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How do I parse a RFC3339 timestamp ("1985-04-12T23:20:50.52Z") (i.e. a subset of ISO8601) in C++03? I'm using Boost, but none of the Boost datetime libraries seem to include a function to do this.

The type of the actual time object doesn't matter, as long as I can easily compare it to 'now'. I only care about timestamps in the UTC timezone.

  • I think I am doing just that in the (R-based) package anytime -- see its src/anytime.cpp. – Dirk Eddelbuettel Jun 30 '17 at 9:46
  • Do you have examples? Are we going to have to assemble a question ourselves from hyperlinks? – sehe Jun 30 '17 at 9:49
  • Good point, I've added an example – Phil Jun 30 '17 at 10:12
  • Does it need to be C++03? In C++11 you could try to use std::get_time. – sh- Jun 30 '17 at 10:26
  • If there is C++11>> or higher use data.h is built at top of chrono. And works fine with glibc and musl - std::get_time unfortunately not. – S.R Mar 15 '18 at 11:25
1

Without using Boost, just strptime you can.

Assuming the same _adaptive_parser_ helper posted here: Using boost parse datetime string: With single digit hour format

Note: the samples taken from the RFC link

#include "adaptive_parser.h"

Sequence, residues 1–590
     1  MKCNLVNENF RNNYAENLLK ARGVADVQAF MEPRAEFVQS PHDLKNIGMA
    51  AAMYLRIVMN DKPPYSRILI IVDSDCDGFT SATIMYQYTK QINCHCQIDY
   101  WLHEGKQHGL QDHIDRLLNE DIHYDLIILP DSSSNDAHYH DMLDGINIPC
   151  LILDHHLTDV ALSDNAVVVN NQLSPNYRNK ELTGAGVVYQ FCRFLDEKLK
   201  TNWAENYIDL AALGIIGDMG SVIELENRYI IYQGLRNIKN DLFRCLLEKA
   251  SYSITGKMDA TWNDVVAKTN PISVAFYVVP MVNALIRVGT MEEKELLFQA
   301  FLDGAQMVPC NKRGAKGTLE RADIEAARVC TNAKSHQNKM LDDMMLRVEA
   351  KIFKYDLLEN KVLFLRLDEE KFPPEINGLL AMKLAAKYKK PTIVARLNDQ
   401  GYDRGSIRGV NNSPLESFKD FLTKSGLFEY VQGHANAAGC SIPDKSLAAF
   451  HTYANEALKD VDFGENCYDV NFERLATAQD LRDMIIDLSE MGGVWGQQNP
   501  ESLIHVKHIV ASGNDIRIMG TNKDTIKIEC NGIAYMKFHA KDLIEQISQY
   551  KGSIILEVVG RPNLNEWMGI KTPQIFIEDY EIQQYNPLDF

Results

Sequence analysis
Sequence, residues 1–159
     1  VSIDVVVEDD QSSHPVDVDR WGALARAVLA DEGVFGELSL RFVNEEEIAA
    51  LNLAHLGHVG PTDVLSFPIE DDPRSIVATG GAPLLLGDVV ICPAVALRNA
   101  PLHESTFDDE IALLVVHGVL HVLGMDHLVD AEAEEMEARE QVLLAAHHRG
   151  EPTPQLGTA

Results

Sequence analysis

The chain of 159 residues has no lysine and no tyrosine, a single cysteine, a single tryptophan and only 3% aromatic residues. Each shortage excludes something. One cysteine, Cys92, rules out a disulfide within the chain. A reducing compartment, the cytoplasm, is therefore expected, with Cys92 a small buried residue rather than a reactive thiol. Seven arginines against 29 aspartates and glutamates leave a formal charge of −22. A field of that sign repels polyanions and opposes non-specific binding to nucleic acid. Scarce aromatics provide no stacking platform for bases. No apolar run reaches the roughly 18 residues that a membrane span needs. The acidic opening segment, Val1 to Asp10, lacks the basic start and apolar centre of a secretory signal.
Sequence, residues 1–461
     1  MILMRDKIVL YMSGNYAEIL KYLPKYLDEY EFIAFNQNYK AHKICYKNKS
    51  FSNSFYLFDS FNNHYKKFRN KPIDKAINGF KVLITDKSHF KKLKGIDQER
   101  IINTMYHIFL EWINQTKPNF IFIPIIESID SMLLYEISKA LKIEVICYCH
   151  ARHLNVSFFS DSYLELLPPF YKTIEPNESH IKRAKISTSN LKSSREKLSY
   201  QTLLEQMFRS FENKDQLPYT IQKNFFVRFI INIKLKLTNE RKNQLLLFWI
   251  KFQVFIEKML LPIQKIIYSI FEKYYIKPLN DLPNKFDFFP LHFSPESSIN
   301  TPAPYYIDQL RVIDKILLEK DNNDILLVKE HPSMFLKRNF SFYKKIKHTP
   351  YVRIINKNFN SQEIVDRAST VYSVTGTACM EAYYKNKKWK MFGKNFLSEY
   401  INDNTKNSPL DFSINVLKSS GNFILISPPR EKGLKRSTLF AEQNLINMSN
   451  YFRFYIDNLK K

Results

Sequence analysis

#include <string>
#include <iostream>

int main() {    
    using namespace mylib::datetime;

    adaptive_parser parser;

    for (std::string const input : {
            "1985-04-12T23:20:50.52Z",
            "1996-12-19T16:39:57-08:00",
            "1990-12-31T23:59:60Z",
            "1990-12-31T15:59:60-08:00",
            "1937-01-01T12:00:27.87+00:20",
        })
    try {
        std::cout << "Parsing '" << input << "'\n";
        std::cout << " -> epoch " << parser(input).count() << "\n";
    } catch(std::exception const& e) {
        std::cout << "Exception: " << e.what() << "\n";
    }
}

Prints

Parsing '1985-04-12T23:20:50.52Z'
 -> epoch 482196050
Parsing '1996-12-19T16:39:57-08:00'
 -> epoch 851042397
Parsing '1990-12-31T23:59:60Z'
 -> epoch 662688000
Parsing '1990-12-31T15:59:60-08:00'
 -> epoch 662688000
Parsing '1937-01-01T12:00:27.87+00:20'
 -> epoch -1041335973

Of course, you can limit the number of accepted patterns for the subset you require.

0

Have limitation of parsing timezone.

#include <sstream>
#include <iostream>
#include <string>
#include <iomanip>

int main() {
  std::tm t = {};
  std::string s = "2016-01-02T15:04:05+09:00";
  int tz_offset = 0;
  auto pos = s.find_last_of("+-Z");
  if (pos != s.npos) {
    std::string zone = s.substr(pos);
    tz_offset = std::atoi(zone.c_str());
    s.resize(pos);
  }
  std::stringstream ss(s);
  ss >> std::get_time(&t, "%Y-%m-%dT%H:%M:%S");
  if (ss.fail()) {
    std::cout << "Parse failed\n";
  } else {
    std::time_t l = std::mktime(&t);
    std::tm tm_utc(*std::gmtime(&l));
    std::time_t utc = std::mktime(&tm_utc);
    tz_offset += (utc - l);
    l = std::mktime(&t) - tz_offset;
    t = *std::gmtime(&l);
    std::cout << std::put_time(&t, "%c") << std::endl;
  }
}

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